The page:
I grew up hearing that taunt from one of my older brothers. I cannot quit anything without that phrase bubbling out of the past to haunt me. I’m still more likely to say “I give up!” than “I quit!” in conversations or perhaps, “Take this job and shove it!” Perhaps that is also why I tend to over-commit and it took me until very recently to be perfectly okay with saying “No.”
This is the 3rd post in my 31 days series on Putting My Family First. You can click here to catch up on any posts you may have missed. Yesterday, I talked about cutting the chit-chat and how I was going to try to limit myself at a meeting I planned to attend. Wondering how I did? I did fabulous! I solved the problem in an entirely unexpected (even to me) way. I simply did not go to the meeting. Hard to hang around chit-chatting when you aren’t present. I did want to go and still feel that slight nagging guilt that comes with not showing up when you are expected but I had good reasons. I called my husband at 6:45p.m. to see where he might be. Oh, you’re still working and don’t expect to be back anytime before dark. He didn’t get home until 8:30p.m. on Tuesday night so I knew that wasn’t a good sign. I decided not to make an ordeal over the meeting and also decided I would not leave my boys alone after dark (I’m okay leaving them for short bursts during the daylight hours. Remember, they are a bit older).
I looked over and realized G needed serious help with his math homework. Actually, so do I. Pop quiz for mathematically inclined readers: An airplane at 2150 ft takes 4 minutes to descend to 1430 ft. What is the average altitude of the airplane? Then, there was the whole water heater issue. Our water heater decided to stop working yesterday morning. It meant that instead of a shower, J was spritzed with a heavy amount of cologne (I hope his teacher appreciated that it was not Axe). However, he still needed to bathe. Instead of going to the meeting, I spent the evening heating water on the stove, in the microwave, and through the coffee pot so there would be warm water in a bath for J. I will likely be doing the same for washing dishes later this morning. I would not have made a pleasant pioneer.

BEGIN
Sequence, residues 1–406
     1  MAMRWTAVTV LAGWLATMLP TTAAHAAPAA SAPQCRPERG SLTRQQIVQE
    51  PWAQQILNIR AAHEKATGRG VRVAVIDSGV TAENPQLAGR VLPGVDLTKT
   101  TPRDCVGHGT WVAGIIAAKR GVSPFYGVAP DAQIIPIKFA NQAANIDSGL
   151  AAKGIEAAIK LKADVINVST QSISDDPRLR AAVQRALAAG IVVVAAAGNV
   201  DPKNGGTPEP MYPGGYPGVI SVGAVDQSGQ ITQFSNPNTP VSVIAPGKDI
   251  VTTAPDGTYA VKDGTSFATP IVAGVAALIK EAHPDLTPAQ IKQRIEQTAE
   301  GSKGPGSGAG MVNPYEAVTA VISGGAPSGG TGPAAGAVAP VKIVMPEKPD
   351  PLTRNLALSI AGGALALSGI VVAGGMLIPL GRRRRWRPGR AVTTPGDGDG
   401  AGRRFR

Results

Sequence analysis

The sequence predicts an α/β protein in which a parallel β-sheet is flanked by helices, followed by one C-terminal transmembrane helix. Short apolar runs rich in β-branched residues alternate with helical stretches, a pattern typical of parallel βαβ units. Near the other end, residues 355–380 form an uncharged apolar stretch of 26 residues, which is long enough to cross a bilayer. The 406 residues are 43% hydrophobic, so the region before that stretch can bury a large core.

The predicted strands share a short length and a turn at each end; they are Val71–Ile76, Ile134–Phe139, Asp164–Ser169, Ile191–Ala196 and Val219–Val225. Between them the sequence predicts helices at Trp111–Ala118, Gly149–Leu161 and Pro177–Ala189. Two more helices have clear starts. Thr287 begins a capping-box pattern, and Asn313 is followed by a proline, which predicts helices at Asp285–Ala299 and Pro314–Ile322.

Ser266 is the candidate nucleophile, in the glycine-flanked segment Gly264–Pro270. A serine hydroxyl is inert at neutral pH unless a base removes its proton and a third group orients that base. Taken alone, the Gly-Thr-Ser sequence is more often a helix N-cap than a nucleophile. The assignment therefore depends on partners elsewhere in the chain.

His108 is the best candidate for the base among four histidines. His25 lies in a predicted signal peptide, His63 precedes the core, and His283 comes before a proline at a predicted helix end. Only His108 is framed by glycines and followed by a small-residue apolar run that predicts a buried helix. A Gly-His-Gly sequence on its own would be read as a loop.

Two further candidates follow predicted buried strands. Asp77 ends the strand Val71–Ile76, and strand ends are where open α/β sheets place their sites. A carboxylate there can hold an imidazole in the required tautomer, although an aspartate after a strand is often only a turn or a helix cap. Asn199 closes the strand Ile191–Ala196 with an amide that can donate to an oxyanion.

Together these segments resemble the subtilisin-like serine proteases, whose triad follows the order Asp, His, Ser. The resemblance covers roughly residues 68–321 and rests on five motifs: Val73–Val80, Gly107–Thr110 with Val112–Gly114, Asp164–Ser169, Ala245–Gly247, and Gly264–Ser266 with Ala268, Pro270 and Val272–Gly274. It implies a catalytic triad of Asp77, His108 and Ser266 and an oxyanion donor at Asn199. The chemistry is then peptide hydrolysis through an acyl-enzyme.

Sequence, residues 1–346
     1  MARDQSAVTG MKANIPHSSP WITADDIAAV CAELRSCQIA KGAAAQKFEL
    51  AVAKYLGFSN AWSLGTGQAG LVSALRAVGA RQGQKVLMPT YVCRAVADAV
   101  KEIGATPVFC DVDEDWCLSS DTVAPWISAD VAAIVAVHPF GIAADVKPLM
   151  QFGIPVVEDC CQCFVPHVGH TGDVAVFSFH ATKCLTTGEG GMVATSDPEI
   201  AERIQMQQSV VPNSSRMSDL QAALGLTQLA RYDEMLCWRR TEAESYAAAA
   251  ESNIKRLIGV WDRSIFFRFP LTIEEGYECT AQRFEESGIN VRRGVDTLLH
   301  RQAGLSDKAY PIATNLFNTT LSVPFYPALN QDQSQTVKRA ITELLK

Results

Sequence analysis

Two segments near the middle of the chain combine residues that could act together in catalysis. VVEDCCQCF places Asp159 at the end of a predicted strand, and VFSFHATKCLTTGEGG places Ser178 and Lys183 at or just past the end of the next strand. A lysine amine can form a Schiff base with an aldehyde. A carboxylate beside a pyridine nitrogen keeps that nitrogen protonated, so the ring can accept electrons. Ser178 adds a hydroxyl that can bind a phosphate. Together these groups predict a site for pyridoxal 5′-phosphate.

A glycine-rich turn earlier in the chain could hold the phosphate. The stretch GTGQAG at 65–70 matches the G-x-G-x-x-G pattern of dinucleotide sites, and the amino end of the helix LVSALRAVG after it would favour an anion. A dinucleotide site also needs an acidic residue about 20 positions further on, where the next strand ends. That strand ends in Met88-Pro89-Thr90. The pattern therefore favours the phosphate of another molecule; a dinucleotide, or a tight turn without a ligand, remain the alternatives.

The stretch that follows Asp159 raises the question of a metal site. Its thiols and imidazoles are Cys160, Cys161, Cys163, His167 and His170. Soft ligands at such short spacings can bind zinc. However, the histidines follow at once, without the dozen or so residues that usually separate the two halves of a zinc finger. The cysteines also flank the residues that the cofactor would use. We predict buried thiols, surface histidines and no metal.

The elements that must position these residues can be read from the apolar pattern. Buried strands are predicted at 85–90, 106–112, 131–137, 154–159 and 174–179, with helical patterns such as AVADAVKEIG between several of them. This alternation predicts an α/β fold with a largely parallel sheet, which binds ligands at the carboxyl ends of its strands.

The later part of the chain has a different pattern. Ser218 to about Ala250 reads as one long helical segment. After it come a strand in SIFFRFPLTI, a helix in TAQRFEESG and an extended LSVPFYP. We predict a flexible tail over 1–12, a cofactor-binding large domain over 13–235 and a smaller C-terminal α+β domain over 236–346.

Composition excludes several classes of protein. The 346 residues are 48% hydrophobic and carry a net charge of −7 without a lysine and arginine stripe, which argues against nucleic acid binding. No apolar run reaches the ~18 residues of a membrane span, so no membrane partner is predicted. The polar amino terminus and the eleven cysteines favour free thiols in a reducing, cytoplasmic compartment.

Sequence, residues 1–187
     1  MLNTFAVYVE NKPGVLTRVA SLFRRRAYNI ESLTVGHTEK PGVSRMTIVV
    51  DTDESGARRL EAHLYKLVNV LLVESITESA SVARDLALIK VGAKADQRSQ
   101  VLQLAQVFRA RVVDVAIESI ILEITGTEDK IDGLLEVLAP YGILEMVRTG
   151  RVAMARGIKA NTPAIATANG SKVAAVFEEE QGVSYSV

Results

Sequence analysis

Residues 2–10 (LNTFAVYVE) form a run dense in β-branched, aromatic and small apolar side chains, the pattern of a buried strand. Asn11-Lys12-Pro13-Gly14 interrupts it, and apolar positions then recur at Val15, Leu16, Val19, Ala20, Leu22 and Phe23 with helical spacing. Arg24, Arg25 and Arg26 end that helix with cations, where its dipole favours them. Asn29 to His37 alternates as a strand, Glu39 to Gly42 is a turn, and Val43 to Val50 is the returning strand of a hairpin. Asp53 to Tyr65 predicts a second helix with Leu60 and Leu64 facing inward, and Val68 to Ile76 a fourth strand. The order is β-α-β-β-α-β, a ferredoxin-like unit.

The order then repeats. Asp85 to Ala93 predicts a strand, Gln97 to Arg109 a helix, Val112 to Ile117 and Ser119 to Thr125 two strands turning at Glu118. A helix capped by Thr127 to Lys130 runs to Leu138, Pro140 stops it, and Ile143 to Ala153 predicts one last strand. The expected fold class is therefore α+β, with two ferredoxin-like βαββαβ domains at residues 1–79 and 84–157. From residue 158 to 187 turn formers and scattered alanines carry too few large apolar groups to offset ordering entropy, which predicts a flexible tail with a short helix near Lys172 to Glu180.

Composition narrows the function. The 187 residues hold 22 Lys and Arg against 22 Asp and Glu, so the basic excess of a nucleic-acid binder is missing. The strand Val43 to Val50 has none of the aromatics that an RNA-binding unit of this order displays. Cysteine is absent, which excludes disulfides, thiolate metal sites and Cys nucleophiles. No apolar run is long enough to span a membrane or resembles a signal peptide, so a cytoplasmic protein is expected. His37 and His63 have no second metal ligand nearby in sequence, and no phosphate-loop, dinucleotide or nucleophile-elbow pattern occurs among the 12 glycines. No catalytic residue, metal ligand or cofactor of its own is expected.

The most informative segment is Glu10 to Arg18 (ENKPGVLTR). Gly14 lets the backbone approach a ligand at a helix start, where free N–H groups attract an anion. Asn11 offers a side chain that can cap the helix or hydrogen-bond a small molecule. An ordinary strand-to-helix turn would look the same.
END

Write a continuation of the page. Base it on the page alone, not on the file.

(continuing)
Earlier in the school year, I made an opposite choice and raced out the door to a meeting as my husband raced in the door from work. It was a new commitment for me and I was determined to be at that meeting. Once at the meeting, I realized it was not the organization that I had expected and I had serious issues with the actions of the group not maintaining the integrity of the group’s purpose. I was really disappointed as I had been quite honored to be asked to serve on that particular board. I returned home to an unhappy husband and needy children while being out of sorts myself. It certainly gave me pause. Sadly, it took me two days of deliberation (and a very thought-provoking conversation with a good friend) to come to the obvious conclusion that I needed to put my family first. I had to work through that quote up there, the am I sending the wrong message to my children stuff, and the making sure that I wasn’t just over-reacting to not getting my way during that first meeting (However, a brush-off of someone’s opinion is never a good idea if you ever find yourself in a leadership role if you want to encourage others to speak their mind.). In the end, sent an e-mail apologizing that I wouldn’t be able to commit to the group for the year after all citing family issues. Confirmation that I made the right choice came in the form of silence. I received no reply from any of the 3 members of the group I contacted despite my offer to help with the first meeting as I knew I had given them very short notice. I followed my heart and once again, it did not lead me astray. My heart always leads me home to my family. I need to quit committing to everyone and everywhere else and start committing more of my time and talents (not math!) to my family. Where does your heart lead you? Do you ever have a hard time following your heart?